Weed makes workouts more fun, but it’s no performance enhancer

A bit of weed before a workout can boost motivation and make exercise more enjoyable. But if performance is the goal, it may be best to skip that joint.

That’s the takeaway of the first ever study to examine how legal, commercially available cannabis shapes how exercise feels.

The study of 42 runners, published Dec. 26 in the journal Sports Medicine, comes almost exactly 10 years after Colorado became the first state to commence legal sales of recreational marijuana, at a time when cannabis-users increasingly report mixing it with workouts.

“The bottom-line finding is that cannabis before exercise seems to increase positive mood and enjoyment during exercise, whether you use THC or CBD. But THC products specifically may make exercise feel more effortful,” said first author Laurel Gibson, a research fellow with the University of Colorado Boulder’s Center for Health and Addiction: Neuroscience, Genes and Environment (CU Change).

The findings, and previous research by the team, seem to defy long-held stereotypes that associate cannabis with “couch-lock” and instead raise an intriguing question: Could the plant play a role in getting people moving?

“We have an epidemic of sedentary lifestyle in this country, and we need new tools to try to get people to move their bodies in ways that are enjoyable,” said senior author Angela Bryan, a professor of psychology and neuroscience and co-director of CU Change. “If cannabis is one of those tools, we need to explore it, keeping in mind both the harms and the benefits.”

‘A first-of-a-kind study’

In one previous survey of cannabis users, Bryan’s research group found that a whopping 80% had used before or shortly after exercise. Yet very little research has been done at the intersection of the two.

For the study, Bryan and Gibson recruited 42 Boulder-area volunteers who already run while using cannabis.

After a baseline session, in which the researchers took fitness measurements and survey data, they assigned participants to go to a dispensary and pick up either a designated flower strain that contained mostly cannabidiol (CBD) or a Tetrahydrocannabinol (THC) -dominant strain.

THC and CBD are active ingredients in cannabis, with THC known to be more intoxicating.

On one follow-up visit, volunteers ran on a treadmill at a moderate pace for 30 minutes, answering questions periodically to assess how motivated they felt, how much they were enjoying themselves, how hard the workout felt, how quickly time seemed to pass and their pain levels.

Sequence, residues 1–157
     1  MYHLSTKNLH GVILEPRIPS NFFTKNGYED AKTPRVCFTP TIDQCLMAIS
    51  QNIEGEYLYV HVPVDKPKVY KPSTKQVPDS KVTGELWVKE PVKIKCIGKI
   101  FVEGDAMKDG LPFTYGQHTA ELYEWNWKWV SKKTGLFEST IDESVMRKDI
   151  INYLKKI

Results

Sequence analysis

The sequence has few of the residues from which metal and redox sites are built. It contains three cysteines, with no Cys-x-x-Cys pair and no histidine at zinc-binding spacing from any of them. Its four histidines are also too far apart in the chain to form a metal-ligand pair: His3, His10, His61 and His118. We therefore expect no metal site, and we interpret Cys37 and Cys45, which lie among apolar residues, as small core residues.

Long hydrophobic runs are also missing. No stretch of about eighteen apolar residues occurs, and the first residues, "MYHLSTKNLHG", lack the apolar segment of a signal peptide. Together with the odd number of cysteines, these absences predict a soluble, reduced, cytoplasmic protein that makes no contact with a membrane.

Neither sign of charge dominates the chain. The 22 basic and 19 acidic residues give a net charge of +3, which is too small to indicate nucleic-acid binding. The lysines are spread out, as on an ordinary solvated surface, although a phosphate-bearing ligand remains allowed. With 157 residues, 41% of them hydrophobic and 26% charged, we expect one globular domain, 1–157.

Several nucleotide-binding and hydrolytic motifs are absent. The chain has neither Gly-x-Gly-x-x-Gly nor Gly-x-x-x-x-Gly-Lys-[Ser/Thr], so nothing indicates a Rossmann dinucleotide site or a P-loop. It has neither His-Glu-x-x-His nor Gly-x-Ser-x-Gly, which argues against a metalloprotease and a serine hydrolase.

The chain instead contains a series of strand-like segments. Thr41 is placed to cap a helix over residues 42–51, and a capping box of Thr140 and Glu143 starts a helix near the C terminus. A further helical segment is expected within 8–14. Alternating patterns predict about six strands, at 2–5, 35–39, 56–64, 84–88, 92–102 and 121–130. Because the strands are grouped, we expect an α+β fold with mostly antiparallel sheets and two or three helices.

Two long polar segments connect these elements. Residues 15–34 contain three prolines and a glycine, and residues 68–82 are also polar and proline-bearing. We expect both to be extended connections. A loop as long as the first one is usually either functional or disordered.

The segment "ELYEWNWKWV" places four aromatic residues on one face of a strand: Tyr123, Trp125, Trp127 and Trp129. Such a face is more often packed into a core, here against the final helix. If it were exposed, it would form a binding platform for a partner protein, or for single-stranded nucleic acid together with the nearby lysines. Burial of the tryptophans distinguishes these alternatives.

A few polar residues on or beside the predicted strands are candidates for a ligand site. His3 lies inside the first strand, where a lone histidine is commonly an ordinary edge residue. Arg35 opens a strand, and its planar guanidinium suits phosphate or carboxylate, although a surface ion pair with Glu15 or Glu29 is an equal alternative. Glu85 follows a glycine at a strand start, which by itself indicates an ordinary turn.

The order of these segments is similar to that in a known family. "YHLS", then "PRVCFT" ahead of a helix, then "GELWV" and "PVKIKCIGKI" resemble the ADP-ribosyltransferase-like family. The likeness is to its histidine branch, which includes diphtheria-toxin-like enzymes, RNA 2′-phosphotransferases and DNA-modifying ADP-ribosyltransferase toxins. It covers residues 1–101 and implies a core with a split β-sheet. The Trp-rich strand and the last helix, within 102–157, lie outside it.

On another visit, they repeated this test after using cannabis.

Federal law prohibits the possession or distribution of marijuana on college campuses, so the runners used it at home, before being picked up in a mobile laboratory, a.k.a the ‘CannaVan,’ and brought to the lab.

The runners also wore a safety belt on the treadmill.

‘Not a performance-enhancing drug’

Across the board, participants reported greater enjoyment and more intense euphoria, or ‘runner’s high,’ when exercising after using cannabis.

Surpisingly, this heightened mood was even greater in the CBD group than in the THC group, suggesting athletes may be able to get some of the benefits to mood without the impairment that can come with THC.

Participants in the THC group also reported that the same intensity of running felt significantly harder during the cannabis run than the sober run.

This may be because THC increases heart rate, Bryan said.

In a previous study conducted remotely, she and Gibson found that while runners felt more enjoyment under the influence of cannabis, they ran 31 seconds per mile slower.

“It is pretty clear from our research that cannabis is not a performance enhancing drug,” said Bryan.

Notably, numerous elite athletes—including U.S. sprinter Sha’Carri Richardson— have been prohibited from competing in recent years after testing positive for cannabis.

An NCAA committee recently recommended that it be removed from its list of banned substances.

A different kind of runner’s high

Why does cannabis make exercise feel better?

While natural, pain-killing endorphins have long been credited with the famous “runner’s high,” newer research suggests that this is a myth: Instead, naturally produced brain chemicals known as endogenous cannabinoids are likely at play, kicking in after an extended period of exercise to produce euphoria and alertness.

“The reality is, some people will never experience the runner’s high,” Gibson notes.

By consuming CBD or THC, cannabinoids which bind to the same receptors as the cannabinoids our brain makes naturally, athletes might be able to tap into that high with a shorter workout or enhance it during a long one, she said.

Athletes considering using cannabis should be aware that it can come with risks — including dizziness and loss of balance— and it’s not for everyone.

For someone gunning for a fast 5k or marathon PR, it doesn’t really make sense to use beforehand, Bryan said.

But for an ultrarunner just trying to get through the grind of a double-digit training run, it might.

As a public health researcher, Bryan is most interested in how it could potentially impact those who struggle to exercise at all, either because they can’t get motivated, it hurts, or they just don’t like it.

“Is there a world where taking a low-dose gummie before they go for that walk might help? It’s too early to make broad recommendations but it’s worth exploring,” she said.

Why do people mix weed and workouts?

When researchers asked study participants, here’s what they said:

  • 90.5% It increases enjoyment
  • 69% It decreases pain
  • 59.5% It increases focus
  • 57.1% It increases motivation
  • 45.2% It makes time go by faster
  • 28.6% It improves performance

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